Malnutrition continues to pose an ugly threat in Nigeria as UNICEF reveals Nigeria is overwhelmed by the 2n/a highest prevalence of stunted children in the world. UNICEF further reports that only 2 out of 10 children affected by severe acute malnutrition are treated. Corroborating this trend, the National Survey on Demography and Health postulates that 37% of children aged 0 to 59 months are stunted, 22% underweight and 7% emaciation.
The Sustainable Malnutrition Intervention Program (SMALINT) aimed at tackling malnutrition through mindful dietary intervention, awareness and monitoring, ended this month after a 6-month run. Food demonstration classes, a major component of this program, sensitized 1,600 mothers over the course of 6 months and helped 37 children overcome malnutrition. This represents 92.5% of the Foundation’s objective. Despite targeting 40 children, the SMALINT program ended up enrolling 58 children (23 boys, 35 girls) including 17 with severe acute malnutrition (8 boys, 9 girls), suggesting that much more needs to be done in the collective fight against undernutrition.
Before and after photos of the Omonojo twins (Omotomiwa and Omobayowa)
On hand to assess the success of the program were the Executive Director of the Oladele Fajemirokun Foundation, Ms. LawumiFajemirokun; Executive Chairman of Lekki Local Council Development Area, Hon. Rasaki Bamidele Kasali; Lagos State Primary Health Care Board Nutrition Program Manager, Dr. AdetokeAdekitan; Program Director, Oladele Fajemirokun Foundation, Mr. Kene Egbue; 25 chairpersons of ward health committees, as well as management and staff of Lekki Primary Health Care Center, Ibeju-Lekki Local Government Area.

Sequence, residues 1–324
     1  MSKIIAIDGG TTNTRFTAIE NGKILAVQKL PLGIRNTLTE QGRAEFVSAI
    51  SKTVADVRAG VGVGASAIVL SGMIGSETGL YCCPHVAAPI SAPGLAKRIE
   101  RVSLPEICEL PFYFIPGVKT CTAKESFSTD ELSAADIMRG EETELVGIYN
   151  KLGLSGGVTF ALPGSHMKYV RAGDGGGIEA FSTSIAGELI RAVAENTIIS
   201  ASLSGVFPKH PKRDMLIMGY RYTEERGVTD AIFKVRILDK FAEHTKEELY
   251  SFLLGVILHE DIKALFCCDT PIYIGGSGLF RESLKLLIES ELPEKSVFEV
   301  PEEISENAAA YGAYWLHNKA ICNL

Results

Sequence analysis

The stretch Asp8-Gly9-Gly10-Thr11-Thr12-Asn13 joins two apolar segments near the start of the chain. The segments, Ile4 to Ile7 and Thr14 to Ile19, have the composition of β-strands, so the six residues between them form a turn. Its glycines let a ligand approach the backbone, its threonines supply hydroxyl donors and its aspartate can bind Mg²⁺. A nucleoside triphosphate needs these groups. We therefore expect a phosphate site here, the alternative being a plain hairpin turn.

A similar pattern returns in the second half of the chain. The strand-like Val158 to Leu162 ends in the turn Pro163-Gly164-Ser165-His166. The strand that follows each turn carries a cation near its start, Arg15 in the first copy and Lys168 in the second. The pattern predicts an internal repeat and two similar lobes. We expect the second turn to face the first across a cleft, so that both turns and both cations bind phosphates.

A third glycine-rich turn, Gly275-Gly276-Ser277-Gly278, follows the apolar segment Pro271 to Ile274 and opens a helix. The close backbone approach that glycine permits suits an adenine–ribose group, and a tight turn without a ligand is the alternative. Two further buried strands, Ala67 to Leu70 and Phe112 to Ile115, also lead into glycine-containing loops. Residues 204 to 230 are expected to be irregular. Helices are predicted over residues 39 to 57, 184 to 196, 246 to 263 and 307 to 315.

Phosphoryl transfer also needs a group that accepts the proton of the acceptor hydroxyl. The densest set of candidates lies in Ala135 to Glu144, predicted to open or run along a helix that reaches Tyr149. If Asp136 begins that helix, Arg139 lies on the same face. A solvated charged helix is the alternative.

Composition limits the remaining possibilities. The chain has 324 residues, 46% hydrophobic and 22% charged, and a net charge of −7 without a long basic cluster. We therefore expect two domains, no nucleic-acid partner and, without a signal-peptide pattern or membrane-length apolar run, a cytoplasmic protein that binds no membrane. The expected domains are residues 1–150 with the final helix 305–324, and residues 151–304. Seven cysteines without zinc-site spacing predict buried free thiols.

Speaking at the Primary Health Care Center, Ms. Fajemirokun thanked all project stakeholders for their unwavering commitment to its success and promised to strengthen the Foundation’s relationship with the community. While reeling off statistics on the intervention throughout the project cycle, the Nutrition Officer of Ibeju-Lekki LGA, Ms. Motunrayo Coker, shed light on the most pressing causes of malnutrition in the community ; poverty being the most common cause as community members were mainly small-scale fishers and traders.
(m): Hon. Kasali Rasaki, Executive Chairman, Lekki Local Council Development Authority; (2n/a right): Ms. LawumiFajemirokun, Executive Director, Oladele Fajemirokun Foundation; (A): Dr. Adekitan Adetoke
Following the results recorded, the owner of the Vocational Training Center of Orimedu, Mrs. Blessing Akinpelu was present to speak to the mothers about the economic opportunities created thanks to a partnership with the Foundation. Ms Akinpelu noted that the idea was to identify mothers without economic means and help them learn skills with which they could be helped to start small businesses or be employed in these industries, with the aim of improving feeding their children. Drawing inspiration from the boom in industrial establishments around the Free Trade Zone, the vocational training center will also tailor its programs to meet the employment needs of these companies, ensuring that participants can be more easily absorbed into the economy and sustain SMALINT gains. Thanking the Foundation, Lagos State Nutrition Program Manager, Dr. Adekitan was pleased with the 6-month results and pledged the continued support of the Lagos State Primary Health Care Council to these new programs.
Cross-section of some beneficiary mothers; middle: Ms. Lawumi Fajemirokun, Executive Director, Oladele Fajemirokun Foundation
#Fajemirokun #Foundation #Winning #fight #malnutrition #Punch #Newspapers